I have a Yaesu FT-101EE, D-104 Mike, MFJ-929 Antenna Tuner, 80-10 OCF Dipole Antenna with a MFJ balun.

When ever I key up for more than a few seconds, the wifi network goes down for a couple of minutes disconnecting any attached devices. A couple of minutes later after transmitting, it wifi network comes back. The router does not turn off or reset, it just seems to shut down the wifi signal.

  • The NetGear N600 router is in the house, the radio is upstairs in the detached garage. I don't believe any devices are using 5 GHz.

  • The balun is attached to a 6' horizontal pole attached to the back of the garage, approximately 25' high. The wires run from the balun across the property behind and parallel to the house and garage. There is approximately 8' of coax from the antenna tuner to the balun.

  • I have been using the 80 meter band.

Any ideas on what I can do to fix this?

  • 2
    $\begingroup$ Could you add more detail about your antenna system? Location, orientation, feed/matching/balun, and grounding are all relevant. That'll help us say whether there's improvement to be made there. $\endgroup$ – Kevin Reid AG6YO Nov 24 '18 at 17:13
  • $\begingroup$ This is the antenna I built using a MFJs balun: balundesigns.com/content/OCF%20Antenna.pdf $\endgroup$ – Roy Kees Nov 24 '18 at 17:16
  • $\begingroup$ The balun is attached to a 6' horizontal pole attached to the back of the garage, approximately 25' high. The wires run from the balun across the property behind and parallel to the house and garage. There is approximately 8' of coax from the antenna tuner to the balun. $\endgroup$ – Roy Kees Nov 24 '18 at 17:19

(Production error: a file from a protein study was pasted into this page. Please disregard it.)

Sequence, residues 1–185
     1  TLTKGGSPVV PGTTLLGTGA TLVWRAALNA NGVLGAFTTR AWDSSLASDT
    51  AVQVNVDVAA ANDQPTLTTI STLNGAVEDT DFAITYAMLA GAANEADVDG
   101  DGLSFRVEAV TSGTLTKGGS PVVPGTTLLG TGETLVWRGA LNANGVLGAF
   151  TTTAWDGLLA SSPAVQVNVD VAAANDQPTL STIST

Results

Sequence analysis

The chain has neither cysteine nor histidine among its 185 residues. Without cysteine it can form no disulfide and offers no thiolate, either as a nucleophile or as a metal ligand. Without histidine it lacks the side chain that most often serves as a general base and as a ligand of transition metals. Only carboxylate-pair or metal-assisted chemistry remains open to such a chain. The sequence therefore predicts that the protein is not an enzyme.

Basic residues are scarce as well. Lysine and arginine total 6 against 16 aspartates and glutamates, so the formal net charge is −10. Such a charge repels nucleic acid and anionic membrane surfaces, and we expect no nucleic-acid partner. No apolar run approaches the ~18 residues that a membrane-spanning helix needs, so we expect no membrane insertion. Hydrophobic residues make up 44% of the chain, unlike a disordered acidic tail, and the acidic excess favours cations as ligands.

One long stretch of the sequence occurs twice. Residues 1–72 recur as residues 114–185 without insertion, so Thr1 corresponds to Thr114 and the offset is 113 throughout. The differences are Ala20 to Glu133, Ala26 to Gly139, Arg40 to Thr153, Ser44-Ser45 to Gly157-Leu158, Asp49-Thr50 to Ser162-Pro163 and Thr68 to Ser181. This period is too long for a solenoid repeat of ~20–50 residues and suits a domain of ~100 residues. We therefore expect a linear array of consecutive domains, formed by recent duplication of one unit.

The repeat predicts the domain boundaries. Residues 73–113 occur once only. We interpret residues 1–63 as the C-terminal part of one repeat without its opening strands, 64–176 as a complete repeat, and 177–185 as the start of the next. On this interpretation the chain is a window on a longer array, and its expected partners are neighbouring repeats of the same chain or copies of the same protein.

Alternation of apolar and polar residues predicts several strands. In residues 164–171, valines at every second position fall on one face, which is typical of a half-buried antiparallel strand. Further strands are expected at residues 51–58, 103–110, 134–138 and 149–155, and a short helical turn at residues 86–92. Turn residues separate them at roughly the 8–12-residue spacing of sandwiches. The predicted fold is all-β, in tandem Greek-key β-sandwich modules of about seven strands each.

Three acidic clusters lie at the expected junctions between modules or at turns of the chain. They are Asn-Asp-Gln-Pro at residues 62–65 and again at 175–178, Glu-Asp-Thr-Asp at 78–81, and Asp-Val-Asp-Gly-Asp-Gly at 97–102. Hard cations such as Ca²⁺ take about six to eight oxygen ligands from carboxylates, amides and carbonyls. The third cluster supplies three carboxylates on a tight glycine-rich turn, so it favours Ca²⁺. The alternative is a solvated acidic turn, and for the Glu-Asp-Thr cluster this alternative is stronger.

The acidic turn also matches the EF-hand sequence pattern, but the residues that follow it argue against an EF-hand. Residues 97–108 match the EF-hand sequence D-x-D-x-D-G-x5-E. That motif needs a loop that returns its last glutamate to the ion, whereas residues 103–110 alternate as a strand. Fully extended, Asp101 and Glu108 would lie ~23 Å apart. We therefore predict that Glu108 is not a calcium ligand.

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    $\begingroup$ Could you also elaborate on the frequencies involved? N600 supports 2.4GHz and 5GHz; are you using both? When you key up, does it behave the same regardless of the band you are transmitting on? $\endgroup$ – Chris K8NVH Nov 24 '18 at 17:20
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    $\begingroup$ Please provide the additional information by editing your question, rather than in comments. This helps keep the information readable, organized, and editable, and allows deleting comments once things are settled. $\endgroup$ – Kevin Reid AG6YO Nov 24 '18 at 19:13

Sounds like the router is getting front end overload. Either your OCF dipole is too close to the router, or you are getting common mode current on the coax and it is radiating along the coax.

A balun on the coax in the right place might help if it is common mode current.

  • $\begingroup$ how would front end overload disable wifi for minutes? $\endgroup$ – Phil Frost - W8II Nov 25 '18 at 14:05
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    $\begingroup$ A soft reset could look like this, though should finish rebooting quickly. If there are a lot of devices to authenticate, that could explain the time discrepancy. A hiccup in the upstream authentication could also explain this; wifi does not shut down but needs to re-authenticate itself and all of its attached devices. That could take minutes and the device would seem shut down. $\endgroup$ – Chris K8NVH Nov 25 '18 at 15:26

I agree with user10489's answer but would like to expand a bit on what to do about it. A signal of some sort appears to be interfering with something associated with the router and there does not seem to be enough information to pinpoint an exact cause.

As stated by user10489, adding a balun or common mode choke in the appropriate place(s) on the feed line (see http://audiosystemsgroup.com/RFI-Ham.pdf for far more information than I could possibly describe) would probably help.